Blown into our lives like an angel right from the start. The patience of a woodland deer and the strength of an ox. There every single step of the way. Mothering through madness and badness and everything that could be thrown at her, both literally and metaphorically. Unrecognised by the social services as the key factor in our survival and humble in her demands for recognition.
We would like to award her the prize for dogged loyalty and pure love in the face of extreme challenge.

David AKA Dad/Head-teacher/Brother

Despite not being the “fatherly” type he generously took on the voluntary role of a gentle parent. A fine example of a reliable male role model, teaching equality with the joys of music and artistic expression. Following us whenever we moved and committing to the bigger picture without question.
We would like to award him the prize of loyal sensitive soul brother.

Krissi AKA Big Sister/Therapist/Leveller

She first started supporting us as a fifteen year old volunteer. She meant I got to have a coffee with a friend, a haircut or a long bath. She meant my daughter felt understood and safe. Wise before her time she ‘got it’ without any training. Now a married woman, a scholar and a mum herself she has taught me a thing or two over the years. Another unsung hero who has saved the state a fortune in care costs.
We would like to present her with the real life superhero award.

Andi AKA Uncle/Bodyguard/Wise Owl

A long term and loving friend who has walked beside me for over twenty years. A rock in a hard place and the one who can always make us laugh, even when it’s gone a bit tragic. The maker of hearty meals and the holder of hands. A mentor and teacher in the school of ‘all will be ok’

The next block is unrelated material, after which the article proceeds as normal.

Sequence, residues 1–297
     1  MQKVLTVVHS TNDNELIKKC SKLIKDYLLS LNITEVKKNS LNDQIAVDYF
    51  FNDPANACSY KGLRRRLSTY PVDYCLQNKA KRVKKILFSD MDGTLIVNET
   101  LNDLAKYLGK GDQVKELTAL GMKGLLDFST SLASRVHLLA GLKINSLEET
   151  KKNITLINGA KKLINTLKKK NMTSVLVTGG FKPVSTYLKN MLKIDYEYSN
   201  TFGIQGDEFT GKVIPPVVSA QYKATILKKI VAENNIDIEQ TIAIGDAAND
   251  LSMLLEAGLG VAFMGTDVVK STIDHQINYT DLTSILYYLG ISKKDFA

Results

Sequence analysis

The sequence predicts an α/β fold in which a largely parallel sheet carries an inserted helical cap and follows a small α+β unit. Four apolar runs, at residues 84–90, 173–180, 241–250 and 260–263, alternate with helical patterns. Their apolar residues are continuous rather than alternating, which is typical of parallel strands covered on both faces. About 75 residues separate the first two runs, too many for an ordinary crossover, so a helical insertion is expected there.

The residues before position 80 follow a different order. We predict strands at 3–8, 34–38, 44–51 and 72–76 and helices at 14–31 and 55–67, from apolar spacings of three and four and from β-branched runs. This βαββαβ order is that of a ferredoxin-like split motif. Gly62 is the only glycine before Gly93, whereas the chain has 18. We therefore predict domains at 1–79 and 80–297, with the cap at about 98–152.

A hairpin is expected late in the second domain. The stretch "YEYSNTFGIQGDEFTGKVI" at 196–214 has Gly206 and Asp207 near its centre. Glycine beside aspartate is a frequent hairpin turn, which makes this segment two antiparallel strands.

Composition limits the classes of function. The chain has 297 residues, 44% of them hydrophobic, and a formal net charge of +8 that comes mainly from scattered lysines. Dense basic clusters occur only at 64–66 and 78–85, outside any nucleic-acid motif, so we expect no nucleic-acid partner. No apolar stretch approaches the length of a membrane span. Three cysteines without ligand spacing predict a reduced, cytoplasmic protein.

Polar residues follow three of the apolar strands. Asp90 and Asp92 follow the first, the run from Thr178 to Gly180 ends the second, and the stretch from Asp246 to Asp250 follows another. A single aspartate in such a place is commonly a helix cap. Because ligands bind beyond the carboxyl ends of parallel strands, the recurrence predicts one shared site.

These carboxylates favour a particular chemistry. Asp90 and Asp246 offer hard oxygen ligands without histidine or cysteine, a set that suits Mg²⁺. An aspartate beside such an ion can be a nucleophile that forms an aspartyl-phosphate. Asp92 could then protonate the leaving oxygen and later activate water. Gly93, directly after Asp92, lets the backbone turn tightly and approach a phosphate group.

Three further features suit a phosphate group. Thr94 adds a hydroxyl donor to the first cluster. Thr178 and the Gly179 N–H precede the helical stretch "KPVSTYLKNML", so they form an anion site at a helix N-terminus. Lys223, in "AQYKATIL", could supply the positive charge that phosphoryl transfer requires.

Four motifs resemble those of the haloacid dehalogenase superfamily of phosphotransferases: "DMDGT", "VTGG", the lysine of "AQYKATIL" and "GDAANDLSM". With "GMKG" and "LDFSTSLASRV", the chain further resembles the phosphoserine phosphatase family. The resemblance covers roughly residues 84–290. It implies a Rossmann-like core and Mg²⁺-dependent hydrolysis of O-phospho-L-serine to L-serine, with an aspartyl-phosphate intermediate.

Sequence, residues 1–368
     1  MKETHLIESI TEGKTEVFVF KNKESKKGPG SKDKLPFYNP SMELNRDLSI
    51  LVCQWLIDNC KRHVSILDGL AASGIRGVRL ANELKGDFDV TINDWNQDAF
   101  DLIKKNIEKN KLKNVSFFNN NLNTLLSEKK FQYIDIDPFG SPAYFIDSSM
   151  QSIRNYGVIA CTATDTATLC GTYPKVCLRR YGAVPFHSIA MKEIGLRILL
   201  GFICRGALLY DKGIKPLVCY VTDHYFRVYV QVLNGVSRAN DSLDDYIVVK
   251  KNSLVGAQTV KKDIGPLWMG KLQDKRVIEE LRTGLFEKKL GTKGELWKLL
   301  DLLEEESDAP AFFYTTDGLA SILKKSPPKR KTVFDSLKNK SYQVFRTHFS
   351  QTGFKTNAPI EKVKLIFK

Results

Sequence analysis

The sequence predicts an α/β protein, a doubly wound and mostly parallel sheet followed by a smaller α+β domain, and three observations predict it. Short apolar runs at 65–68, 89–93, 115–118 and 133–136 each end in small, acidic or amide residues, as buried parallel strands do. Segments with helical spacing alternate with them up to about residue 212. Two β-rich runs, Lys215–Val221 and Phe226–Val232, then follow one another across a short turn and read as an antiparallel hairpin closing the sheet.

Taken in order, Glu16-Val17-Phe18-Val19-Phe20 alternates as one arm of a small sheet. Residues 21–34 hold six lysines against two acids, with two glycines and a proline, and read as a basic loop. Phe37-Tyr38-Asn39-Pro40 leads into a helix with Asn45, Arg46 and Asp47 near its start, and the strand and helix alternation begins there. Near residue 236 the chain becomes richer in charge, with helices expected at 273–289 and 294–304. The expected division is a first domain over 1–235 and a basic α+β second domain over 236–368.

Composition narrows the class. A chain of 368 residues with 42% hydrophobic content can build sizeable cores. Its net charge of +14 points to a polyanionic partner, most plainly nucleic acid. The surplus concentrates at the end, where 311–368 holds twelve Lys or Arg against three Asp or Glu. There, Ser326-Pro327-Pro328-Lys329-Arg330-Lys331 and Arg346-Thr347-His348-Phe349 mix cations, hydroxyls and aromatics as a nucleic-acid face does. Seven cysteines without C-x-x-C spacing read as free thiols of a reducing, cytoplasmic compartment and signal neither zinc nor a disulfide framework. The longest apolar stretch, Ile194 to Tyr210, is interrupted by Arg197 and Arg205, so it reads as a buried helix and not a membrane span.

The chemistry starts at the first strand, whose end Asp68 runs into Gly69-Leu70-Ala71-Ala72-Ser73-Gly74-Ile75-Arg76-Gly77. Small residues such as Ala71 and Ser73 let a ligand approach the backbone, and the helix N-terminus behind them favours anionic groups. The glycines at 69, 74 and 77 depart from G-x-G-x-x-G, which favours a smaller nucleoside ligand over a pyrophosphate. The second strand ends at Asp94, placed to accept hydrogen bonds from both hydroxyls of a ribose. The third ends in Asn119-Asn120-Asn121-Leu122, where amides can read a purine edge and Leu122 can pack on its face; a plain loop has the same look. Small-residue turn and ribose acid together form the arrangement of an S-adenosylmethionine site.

We would like to award him the always there (with a cheeky grin) in a crisis trophy.

As we all branch out to support others who are on the adoption journey and tackle some of the questionable parts of the system, I am hoping and believing, that as a team, we can offer faith, hope and charity in great big lovely bucketfuls.

Apron Strings

 

 
The thing about attachment is that it hurts if its broken.

Being a mum to someone who had experienced an almost unrepairable break before I even met her wasn’t easy from the off.

Trust is the biggest issue and engendering that is a long and committed process.

In my chosen vocation as a mum I have found myself having to take on, as if by osmosis, hyper vigilance, sensitivity to sound, heightened awareness to the violence in culture, a love of routined familiarity and an irrational fear of drunk people. On a good day I have hidden this transference but used it to plan ahead, protect and empathise. On a bad one it has made me feel too much too deeply and I’m no help to anyone.

I have now spent going on fourteen years being tuned in to another person who very often wasn’t tuned into themselves let alone me. Walking by her side so closely and vigilantly has taken me down some incredible and at times scary roads. After an epic journey the paths have become familiar and very well trodden. Sometimes the sun has been shining through the trees onto those paths and other times they have been dark and scary with the possibility of getting lost or separated.